Some bird species have an expanded, thin-walled offshoot or pouch in the oesophagus, which is called the crop. The crop is being used to store food before it is being transferred through the oesophagus into the stomach. Corvids don’t have a genuine crop.
However, all bird species, including corvids, have two parts to their stomach. The first part of the stomach is the proventriculus or glandular stomach, where digestive enzymes are secreted to initiate the process of digestion. The second part of a bird’s stomach is the gizzard or muscular stomach.
The gizzard is very thick and muscular in some species, in particular in those where cereals are an important part of the diet. The gizzard is being used for grinding food, typically with grit. Other species, in particular those which favour soft or easily digested foods, have usually a very small and thin-walled gizzard. The gizzard is also the part of stomach, where ‘pellets’ are being produced, which consist of the remaining non-digestible food materials like bones, fur or feathers. This may include directly or voluntarily ingested grit and indirectly via the consumption of seed eating birds.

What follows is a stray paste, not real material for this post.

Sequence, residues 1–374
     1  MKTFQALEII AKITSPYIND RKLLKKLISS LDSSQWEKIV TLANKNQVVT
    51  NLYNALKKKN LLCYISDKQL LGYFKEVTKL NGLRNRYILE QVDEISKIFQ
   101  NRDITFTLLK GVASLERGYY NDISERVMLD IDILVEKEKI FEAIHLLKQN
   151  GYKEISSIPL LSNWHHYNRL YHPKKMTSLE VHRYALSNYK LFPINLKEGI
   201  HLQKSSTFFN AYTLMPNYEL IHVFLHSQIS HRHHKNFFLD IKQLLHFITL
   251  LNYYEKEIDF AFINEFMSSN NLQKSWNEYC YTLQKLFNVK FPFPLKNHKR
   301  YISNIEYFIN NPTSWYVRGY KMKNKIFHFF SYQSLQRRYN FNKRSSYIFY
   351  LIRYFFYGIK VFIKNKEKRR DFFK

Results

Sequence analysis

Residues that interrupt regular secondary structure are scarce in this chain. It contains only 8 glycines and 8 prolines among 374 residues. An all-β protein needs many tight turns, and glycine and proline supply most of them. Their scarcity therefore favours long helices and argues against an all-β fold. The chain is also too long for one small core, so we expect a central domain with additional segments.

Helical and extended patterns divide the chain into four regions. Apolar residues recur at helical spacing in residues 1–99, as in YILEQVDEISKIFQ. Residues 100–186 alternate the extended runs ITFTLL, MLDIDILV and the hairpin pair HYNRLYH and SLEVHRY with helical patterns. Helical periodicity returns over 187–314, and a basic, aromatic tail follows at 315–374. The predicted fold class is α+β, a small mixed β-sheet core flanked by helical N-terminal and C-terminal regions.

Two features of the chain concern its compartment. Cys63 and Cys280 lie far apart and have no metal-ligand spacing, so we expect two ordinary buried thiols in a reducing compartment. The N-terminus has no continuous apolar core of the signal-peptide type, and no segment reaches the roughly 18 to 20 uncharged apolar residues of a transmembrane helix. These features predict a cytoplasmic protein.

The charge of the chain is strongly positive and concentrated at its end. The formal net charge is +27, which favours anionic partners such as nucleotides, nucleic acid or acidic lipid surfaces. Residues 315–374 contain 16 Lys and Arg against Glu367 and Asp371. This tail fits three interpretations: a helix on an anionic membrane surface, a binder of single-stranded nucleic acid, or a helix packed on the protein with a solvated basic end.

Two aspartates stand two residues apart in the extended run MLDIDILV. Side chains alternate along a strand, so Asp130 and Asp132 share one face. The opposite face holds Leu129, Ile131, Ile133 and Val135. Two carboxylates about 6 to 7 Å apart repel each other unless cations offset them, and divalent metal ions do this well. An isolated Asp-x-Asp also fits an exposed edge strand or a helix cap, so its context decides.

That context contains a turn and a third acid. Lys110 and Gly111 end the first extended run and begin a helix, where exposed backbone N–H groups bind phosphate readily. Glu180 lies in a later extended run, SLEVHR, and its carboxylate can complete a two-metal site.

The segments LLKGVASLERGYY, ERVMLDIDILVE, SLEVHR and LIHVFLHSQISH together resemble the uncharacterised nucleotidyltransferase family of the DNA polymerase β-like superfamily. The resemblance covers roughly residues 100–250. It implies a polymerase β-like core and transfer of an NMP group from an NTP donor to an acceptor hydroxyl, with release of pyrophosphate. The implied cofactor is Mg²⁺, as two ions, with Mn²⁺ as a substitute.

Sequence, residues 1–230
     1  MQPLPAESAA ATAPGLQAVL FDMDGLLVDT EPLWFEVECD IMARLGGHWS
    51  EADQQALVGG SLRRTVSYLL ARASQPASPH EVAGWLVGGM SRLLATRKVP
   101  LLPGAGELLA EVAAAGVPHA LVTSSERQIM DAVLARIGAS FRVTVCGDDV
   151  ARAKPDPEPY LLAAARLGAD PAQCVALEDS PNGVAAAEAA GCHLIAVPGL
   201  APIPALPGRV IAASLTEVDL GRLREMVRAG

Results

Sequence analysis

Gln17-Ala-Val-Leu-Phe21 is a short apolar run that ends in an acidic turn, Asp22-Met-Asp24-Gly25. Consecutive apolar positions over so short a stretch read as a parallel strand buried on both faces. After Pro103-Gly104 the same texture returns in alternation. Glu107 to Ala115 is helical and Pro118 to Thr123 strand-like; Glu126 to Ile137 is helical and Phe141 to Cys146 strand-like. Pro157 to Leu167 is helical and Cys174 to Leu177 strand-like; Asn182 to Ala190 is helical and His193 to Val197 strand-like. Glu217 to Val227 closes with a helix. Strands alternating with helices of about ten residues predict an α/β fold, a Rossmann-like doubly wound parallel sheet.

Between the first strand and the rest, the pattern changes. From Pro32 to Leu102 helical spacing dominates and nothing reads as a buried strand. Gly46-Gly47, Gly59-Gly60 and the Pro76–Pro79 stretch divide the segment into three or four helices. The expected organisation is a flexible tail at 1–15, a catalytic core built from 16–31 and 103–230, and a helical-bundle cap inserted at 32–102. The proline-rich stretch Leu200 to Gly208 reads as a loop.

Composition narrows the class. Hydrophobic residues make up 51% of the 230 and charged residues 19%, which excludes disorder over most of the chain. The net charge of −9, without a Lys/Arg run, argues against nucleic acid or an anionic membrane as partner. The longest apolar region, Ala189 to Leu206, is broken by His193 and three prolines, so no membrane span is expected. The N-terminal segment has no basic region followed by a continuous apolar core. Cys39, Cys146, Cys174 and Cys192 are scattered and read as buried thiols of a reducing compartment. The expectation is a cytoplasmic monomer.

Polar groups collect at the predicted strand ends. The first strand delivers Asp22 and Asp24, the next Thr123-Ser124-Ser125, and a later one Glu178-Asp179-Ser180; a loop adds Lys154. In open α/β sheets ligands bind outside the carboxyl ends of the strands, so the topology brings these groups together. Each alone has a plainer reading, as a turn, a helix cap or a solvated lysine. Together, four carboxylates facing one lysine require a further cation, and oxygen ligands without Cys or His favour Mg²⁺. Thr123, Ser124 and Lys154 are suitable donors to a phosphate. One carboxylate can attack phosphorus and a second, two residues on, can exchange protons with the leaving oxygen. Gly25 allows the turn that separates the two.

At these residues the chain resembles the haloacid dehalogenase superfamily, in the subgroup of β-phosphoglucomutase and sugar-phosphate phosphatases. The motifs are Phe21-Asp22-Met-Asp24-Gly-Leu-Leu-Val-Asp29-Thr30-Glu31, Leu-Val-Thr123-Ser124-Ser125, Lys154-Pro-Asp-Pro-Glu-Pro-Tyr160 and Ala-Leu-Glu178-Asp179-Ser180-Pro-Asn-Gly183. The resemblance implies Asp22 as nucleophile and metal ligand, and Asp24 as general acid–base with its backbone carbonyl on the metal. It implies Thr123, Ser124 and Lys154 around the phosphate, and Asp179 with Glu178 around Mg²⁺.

All of our native corvid species seem to use, at least to some degree, grit to aid digestion, which is particular evident in jackdaws, carrion crow and ravens. It is assumed that this helps to break down the ingested food. In jackdaws and carrion crows there is also evidence that calcareous grit is an essential source of calcium in particular needed for eggshell formation.1
Depending on seasonal and species related diet variations and nutritional needs, corvids will choose, how much and what kind of grit they require to digest their food and also to supplement their mineral needs. Therefore it seems a good idea to provide a variety of different minerals like sand, grit and other supplements like cuttlefish bone or cleaned snail shells.